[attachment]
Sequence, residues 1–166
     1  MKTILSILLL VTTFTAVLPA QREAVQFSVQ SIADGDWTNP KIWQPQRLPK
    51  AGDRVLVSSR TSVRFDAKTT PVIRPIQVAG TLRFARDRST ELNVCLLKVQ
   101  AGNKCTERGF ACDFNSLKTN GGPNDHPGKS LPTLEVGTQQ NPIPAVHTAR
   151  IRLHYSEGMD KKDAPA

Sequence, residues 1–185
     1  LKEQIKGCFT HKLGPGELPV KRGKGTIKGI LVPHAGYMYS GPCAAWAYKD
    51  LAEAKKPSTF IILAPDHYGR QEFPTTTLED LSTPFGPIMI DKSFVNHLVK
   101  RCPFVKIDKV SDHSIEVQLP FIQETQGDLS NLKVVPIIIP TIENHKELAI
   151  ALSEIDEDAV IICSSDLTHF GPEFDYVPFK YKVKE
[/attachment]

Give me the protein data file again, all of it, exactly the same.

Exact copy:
Sequence, residues 1–166
     1  MKTILSILLL VTTFTAVLPA QREAVQFSVQ SIADGDWTNP KIWQPQRLPK
    51  AGDRVLVSSR TSVRFDAKTT PVIRPIQVAG TLRFARDRST ELNVCLLKVQ
   101  AGNKCTERGF ACDFNSLKTN GGPNDHPGKS LPTLEVGTQQ NPIPAVHTAR
   151  IRLHYSEGMD KKDAPA

Sequence, residues 1–185
     1  LKEQIKGCFT HKLGPGELPV KRGKGTIKGI LVPHAGYMYS GPCAAWAYKD
    51  LAEAKKPSTF IILAPDHYGR QEFPTTTLED LSTPFGPIMI DKSFVNHLVK
   101  RCPFVKIDKV SDHSIEVQLP FIQETQGDLS NLKVVPIIIP TIENHKELAI
   151  ALSEIDEDAV IICSSDLTHF GPEFDYVPFK YKVKE